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In everyday business, we understand the implication of GST/HST on our supplies and purchases but there are some unusual situations wherein we need to go back to the law to understand its impact on our business.
One such situation which needs to be carefully looked into is disputes arising as a result of a breach of contract. The disputes often end up in court or arbitration and one party is awarded settlement/ damage payment.
Such a situation is covered under Section 182 of ETA. Section 182 levies GST/HST on payment made to a registrant as a consequence of a breach, modification, or cancellation of an agreement (other than as consideration for a supply) deeming it to be a taxable supply. The applicability of this provision is subject to certain conditions. Therefore, it is important to make an in-depth analysis to understand the applicability of this provision to the facts of the case.
Canada Revenue Agency (CRA) has issued a policy statement (P-218) explaining the application of section 182 of the ETA in the context of such payments. The policy statement elaborates the application of GST/HST on payments made while listing certain exceptions. The CRA provides a few examples as well to explain when these rules would and would not apply.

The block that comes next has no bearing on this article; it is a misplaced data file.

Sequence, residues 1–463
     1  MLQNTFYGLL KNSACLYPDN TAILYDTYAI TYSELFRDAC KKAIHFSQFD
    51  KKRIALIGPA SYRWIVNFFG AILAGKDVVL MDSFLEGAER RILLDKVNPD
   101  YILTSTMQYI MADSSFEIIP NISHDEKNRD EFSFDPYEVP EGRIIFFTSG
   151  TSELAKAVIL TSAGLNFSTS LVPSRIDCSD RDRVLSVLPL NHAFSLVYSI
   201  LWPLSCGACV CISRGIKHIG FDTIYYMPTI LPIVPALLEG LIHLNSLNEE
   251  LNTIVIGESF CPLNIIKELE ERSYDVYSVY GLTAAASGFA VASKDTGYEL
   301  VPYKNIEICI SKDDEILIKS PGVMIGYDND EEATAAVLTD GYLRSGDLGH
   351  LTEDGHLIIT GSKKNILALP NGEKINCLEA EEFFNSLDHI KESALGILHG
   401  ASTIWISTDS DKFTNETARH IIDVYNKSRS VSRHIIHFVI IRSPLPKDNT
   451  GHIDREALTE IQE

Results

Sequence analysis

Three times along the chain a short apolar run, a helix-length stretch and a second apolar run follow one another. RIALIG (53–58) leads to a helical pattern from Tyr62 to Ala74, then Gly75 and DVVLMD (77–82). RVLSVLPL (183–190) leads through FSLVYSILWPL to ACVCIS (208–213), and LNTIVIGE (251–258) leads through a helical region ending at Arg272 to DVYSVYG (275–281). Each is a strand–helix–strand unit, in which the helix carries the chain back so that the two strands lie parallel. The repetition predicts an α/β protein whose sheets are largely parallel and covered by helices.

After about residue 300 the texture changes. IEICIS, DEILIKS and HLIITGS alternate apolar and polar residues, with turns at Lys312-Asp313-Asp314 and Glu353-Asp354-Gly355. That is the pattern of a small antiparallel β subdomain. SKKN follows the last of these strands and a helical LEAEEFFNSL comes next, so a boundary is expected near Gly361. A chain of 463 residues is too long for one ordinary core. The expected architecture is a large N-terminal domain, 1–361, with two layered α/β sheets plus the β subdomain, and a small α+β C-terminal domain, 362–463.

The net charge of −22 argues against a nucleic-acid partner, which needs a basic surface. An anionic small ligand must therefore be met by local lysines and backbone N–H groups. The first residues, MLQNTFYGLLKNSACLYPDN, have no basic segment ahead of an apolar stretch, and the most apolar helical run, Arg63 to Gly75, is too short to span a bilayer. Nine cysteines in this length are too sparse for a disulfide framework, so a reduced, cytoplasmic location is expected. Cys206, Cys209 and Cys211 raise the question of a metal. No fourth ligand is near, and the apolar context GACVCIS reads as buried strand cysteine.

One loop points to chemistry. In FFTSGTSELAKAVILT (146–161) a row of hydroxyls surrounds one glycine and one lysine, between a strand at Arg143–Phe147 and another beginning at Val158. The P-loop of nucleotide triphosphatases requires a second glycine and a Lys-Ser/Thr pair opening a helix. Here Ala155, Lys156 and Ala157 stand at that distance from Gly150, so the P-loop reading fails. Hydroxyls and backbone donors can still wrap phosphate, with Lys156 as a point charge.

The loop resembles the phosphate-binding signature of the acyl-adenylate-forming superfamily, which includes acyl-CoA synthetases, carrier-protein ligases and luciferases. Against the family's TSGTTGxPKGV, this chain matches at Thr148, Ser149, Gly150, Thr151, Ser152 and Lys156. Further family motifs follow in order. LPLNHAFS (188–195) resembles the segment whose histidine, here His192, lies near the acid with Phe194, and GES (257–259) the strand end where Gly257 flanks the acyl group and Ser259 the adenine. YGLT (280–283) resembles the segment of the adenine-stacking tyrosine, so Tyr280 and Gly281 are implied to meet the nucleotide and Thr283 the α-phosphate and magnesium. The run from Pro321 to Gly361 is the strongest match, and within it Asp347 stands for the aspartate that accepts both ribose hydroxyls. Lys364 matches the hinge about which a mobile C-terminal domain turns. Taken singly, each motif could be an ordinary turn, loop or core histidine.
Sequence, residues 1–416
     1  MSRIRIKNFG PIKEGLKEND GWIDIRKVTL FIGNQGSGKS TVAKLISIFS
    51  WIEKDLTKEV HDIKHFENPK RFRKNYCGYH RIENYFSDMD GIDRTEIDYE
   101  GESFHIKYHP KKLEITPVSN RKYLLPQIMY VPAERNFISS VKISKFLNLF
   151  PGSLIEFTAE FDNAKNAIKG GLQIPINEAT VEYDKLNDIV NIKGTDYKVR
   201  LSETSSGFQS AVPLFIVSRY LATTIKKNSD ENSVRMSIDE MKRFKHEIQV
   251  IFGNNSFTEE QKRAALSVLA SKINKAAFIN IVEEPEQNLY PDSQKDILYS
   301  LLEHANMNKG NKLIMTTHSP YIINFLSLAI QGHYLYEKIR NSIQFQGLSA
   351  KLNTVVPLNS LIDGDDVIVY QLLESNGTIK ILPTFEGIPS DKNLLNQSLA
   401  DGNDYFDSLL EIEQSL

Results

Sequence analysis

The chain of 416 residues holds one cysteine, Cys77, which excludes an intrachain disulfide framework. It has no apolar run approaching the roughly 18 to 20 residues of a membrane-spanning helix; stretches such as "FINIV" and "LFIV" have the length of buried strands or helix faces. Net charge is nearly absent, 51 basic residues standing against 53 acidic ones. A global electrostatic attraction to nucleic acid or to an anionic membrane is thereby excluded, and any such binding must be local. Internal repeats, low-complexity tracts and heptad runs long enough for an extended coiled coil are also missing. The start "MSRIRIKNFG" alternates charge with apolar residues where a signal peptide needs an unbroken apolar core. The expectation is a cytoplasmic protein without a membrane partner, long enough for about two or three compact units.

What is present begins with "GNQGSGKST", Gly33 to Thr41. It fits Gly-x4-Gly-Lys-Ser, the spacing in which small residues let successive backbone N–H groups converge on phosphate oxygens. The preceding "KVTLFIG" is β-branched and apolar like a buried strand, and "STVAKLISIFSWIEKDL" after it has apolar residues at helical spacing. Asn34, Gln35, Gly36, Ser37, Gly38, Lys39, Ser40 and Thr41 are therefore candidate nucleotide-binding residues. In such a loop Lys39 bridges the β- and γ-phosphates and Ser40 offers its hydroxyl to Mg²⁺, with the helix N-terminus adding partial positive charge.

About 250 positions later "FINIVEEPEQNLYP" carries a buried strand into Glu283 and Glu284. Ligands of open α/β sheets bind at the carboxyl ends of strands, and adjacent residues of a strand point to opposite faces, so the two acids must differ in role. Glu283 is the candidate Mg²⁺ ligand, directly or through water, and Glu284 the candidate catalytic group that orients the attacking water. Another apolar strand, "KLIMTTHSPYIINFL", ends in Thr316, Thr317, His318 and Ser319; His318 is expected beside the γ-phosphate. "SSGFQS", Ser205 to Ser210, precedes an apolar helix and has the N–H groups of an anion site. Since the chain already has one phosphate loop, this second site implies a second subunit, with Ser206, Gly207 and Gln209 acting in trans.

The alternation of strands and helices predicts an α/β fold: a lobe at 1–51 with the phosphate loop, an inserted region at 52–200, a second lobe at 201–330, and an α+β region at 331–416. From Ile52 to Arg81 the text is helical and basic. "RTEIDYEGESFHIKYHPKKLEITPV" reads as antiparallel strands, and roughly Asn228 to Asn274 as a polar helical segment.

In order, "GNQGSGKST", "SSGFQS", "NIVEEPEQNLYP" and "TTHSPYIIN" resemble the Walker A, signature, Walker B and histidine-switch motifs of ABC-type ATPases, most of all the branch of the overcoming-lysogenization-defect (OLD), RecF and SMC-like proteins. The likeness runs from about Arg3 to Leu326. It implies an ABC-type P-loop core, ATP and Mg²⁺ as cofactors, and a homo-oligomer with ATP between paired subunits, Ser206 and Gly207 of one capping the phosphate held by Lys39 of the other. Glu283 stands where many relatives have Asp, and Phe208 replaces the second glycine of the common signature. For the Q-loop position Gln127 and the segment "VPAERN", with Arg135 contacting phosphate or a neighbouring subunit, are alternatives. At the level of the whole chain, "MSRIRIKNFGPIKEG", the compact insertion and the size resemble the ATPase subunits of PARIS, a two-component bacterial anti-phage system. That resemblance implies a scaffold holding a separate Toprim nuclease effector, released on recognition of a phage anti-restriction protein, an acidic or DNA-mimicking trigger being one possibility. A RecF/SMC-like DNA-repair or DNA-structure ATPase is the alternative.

In the event company fails to correctly understand the GST/HST implication in these kinds of scenarios, the payments received shall be deemed to be inclusive of tax. Thus, it shall result in the reduction of the amount received to the extent of 5/105 or 13/113 in Ontario. Alternatively, if you are the party whose making the payment, you can lose out on input tax credit in the event of an oversight. It would be prudent to understand the GST/HST implications through an expert while carefully drafting the contract.
For assistance or advice with applying these rules, please contact our team. Leyton has a huge team of Indirect Tax professionals who possess vast experience in dealing with complex subjects like this.
Bhavnoor Singh Bhatia – Sales Tax consultant